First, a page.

source
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  #18  
Old 12-10-2009
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A have a problem with my oil pressure gauge also. After a long distance drive on the highway, 2hr +, once I get on a regular road and come to a stop, it shakes up and down quickly. Is this gauge going bad, or the sensor? I've wondered whether the idiot gauge actually tells my pressure anyways, its always in the middle. I know fromy my classic car, the gauge that came with it goes up and down from 40 to 90 depending on if I'm idling or racing down the road. That gauge doesn't stay in the middle at all speeds. I don't want to add clutter to my cab by putting in an aftermarket gauge.
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Old 12-10-2009
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Quote:
Originally Posted by rangererv View Post
that motor is suppose to take 5w20. only the 4.0l use 5w30
NO!!!!!!!!! 5w20 came out around 2004-2005, pre 2004 vehicles do not use them

DO NOT USE 5w20 OIL IN ANY VEHICLE THAT DOES NOT REQUIRE IT!!!! IT IS MUCH TOO THIN!!!!!!!

someone else said the right answer, i'll re state it the first number and the letter (5w) states the cold viscosity rating, so when cold, the viscosity is thiner than when warm, as the oil flows better when warm, but it is thicker... 5w20 will not change how the oil reacts (compaired to 5w30) when it is cold, but when it is warm, and needs the oil the most, it is thin... you CAN get oils like 0w40, which would be better for a cold climate with a worn engine... i run 10w40 in my mustang all year, but where i used to live with it, very rarely got below freezing for more than about a week, and even when it did, it was only about 3 or 4 below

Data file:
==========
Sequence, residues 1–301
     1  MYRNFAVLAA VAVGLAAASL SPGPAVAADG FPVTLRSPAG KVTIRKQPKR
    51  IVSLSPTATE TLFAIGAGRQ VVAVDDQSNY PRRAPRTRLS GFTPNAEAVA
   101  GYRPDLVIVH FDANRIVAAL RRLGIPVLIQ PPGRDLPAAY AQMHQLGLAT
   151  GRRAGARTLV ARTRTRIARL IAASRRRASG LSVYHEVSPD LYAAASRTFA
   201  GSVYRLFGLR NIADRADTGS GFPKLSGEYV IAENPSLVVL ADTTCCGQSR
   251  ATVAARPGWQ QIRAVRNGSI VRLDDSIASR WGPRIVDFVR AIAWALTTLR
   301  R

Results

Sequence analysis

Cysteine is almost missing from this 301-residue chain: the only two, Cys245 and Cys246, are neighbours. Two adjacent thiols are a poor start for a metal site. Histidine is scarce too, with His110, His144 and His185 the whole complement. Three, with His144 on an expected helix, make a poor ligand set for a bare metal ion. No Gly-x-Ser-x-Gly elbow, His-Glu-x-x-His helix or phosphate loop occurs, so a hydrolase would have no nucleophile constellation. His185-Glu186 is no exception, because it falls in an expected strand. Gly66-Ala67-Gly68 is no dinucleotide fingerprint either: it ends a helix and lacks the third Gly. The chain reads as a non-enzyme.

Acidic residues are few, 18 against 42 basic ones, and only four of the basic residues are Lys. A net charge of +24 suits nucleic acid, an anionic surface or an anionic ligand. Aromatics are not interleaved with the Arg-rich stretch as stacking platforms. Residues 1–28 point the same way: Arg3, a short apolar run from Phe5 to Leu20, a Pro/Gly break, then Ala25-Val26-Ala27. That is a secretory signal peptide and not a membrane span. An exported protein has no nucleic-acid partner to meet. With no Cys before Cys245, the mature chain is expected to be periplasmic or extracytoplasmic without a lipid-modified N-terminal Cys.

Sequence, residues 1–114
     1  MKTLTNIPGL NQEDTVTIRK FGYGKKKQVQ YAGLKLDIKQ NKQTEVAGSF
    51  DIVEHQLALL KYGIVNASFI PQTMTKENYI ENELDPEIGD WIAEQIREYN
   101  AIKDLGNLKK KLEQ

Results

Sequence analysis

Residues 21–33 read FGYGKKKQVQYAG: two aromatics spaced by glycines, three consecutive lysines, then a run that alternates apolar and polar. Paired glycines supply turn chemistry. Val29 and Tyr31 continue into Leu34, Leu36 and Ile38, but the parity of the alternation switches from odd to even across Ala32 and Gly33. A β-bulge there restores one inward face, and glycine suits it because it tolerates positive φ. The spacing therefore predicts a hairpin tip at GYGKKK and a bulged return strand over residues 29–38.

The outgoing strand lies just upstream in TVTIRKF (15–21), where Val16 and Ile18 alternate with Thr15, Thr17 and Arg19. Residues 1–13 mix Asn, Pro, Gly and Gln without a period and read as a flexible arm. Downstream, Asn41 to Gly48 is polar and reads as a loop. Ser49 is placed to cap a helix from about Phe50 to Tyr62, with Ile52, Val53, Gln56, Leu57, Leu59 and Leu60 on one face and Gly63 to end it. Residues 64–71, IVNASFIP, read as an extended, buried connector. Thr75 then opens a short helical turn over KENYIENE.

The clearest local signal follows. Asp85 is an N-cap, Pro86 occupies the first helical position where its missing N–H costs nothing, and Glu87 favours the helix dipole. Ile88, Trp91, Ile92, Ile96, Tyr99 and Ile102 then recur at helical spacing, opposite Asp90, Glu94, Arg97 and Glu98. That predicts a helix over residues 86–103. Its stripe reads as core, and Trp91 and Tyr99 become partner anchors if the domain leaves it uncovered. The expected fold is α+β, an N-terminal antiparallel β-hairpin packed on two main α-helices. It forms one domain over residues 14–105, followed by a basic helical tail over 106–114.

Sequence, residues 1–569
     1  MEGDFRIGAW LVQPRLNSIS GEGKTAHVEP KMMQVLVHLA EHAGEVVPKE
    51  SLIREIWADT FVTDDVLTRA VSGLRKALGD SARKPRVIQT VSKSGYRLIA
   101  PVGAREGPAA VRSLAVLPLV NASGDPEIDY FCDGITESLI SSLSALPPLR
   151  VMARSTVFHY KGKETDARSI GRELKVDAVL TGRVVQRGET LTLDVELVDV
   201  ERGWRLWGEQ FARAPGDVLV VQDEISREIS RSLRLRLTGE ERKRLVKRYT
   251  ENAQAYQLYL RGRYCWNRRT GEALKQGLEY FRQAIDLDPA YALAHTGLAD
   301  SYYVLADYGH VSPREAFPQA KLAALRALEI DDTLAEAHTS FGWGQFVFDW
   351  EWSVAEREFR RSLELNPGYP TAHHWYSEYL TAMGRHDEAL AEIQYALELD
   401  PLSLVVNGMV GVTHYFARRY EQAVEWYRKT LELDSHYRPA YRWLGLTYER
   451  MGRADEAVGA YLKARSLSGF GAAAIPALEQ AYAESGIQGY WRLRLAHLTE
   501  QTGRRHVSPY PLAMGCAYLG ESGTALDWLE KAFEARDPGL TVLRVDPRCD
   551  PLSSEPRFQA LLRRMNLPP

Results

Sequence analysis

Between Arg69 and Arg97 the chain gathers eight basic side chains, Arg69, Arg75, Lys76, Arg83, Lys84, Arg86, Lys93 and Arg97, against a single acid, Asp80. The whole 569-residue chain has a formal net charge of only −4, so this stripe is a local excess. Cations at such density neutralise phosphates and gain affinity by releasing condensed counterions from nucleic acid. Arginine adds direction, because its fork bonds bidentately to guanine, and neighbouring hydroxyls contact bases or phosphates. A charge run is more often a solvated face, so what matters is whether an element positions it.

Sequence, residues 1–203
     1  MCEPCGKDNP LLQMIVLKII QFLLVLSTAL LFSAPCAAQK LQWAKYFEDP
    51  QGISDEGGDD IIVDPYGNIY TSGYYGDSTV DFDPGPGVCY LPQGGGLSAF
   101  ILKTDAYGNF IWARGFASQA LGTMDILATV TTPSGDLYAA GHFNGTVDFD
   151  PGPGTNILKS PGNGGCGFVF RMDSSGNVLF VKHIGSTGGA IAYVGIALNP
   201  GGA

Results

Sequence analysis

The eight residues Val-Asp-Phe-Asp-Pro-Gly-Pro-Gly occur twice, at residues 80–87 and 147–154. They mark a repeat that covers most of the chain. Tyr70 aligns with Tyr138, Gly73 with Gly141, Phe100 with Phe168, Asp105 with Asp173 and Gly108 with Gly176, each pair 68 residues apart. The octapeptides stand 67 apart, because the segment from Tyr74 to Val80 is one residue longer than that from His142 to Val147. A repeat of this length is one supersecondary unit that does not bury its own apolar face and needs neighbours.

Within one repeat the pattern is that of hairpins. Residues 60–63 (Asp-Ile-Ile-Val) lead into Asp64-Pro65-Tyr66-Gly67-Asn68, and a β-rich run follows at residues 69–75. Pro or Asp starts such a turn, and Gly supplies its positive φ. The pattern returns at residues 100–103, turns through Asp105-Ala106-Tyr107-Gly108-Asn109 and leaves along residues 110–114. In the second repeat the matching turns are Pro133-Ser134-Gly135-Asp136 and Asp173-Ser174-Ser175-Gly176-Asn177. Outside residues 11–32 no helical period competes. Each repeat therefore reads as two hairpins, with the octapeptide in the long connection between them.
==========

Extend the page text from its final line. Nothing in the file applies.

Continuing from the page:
the low oil light, is a sensor in your oil pan, saying it doesn't feel any oil, which usually means you are low on oil... low oil pressure light means there is no pressure at the top end... this CAN be caused by a poor sending unit, but if it corrects it's self when it warms up, i doubt it's your sending unit, it's probably a worn oil pump, which is no real issue, just let it warm up 10 minutes first... until you have a problem where your oil pressure is next to nothing, when warm, it's nothing to worry about, and if you can't hear lifter noise, it's no problem, low oil pressure, doesn't mean no oil at the top end, it just means not as much as manufactures want, from the factory (which is much more than you NEED)
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Old 12-11-2009
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Many car companies will issue updated TSB's and make amendments to what was originally recommended on your engine labels and what is stated in the owner's manuals. My old 1998 and 2000 F150's required 5w-30, but now a TSB says 5w-20 is okay to use. Right now I'm using 0w-30, so I guess I'm ignoring some TSB's and what's on my oil cap - I plan on doing a UOA on this oil.
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  #21  
Old 12-12-2009
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yea the disk that had 2001 Ford's at our shop said i could run 5w20. its a little four-cylinder pickup truck, im not taking it drag-racing every weekend so its not gonna blow up because the oil i run is easier on the engine. I actually have 5w30 in there right now but i said i was thinking about switching to make it easier on the pump.
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Old 12-12-2009
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if your pump is worn out, it would be better to put thicker oil in, not thiner... the wear is the spaces inbetween the parts, all the tollerances between the parts, like con rod bearings, ect, are worn past the maximum space, same with the oil filter, to make sure the engine gets properly lubed, you should use a thicker oil, one that will fill the gaps, and sit on it, not just run off, as you don't need the thin water like oil to get into all the microscopic cracks (stock tollerances...)

and actually, now that i think about it, i lied above, i ran 10-40 in my car when i first got it, by the end, i was running 20-50 in the summer, and 15-40 in the winter (what diesel trucks use)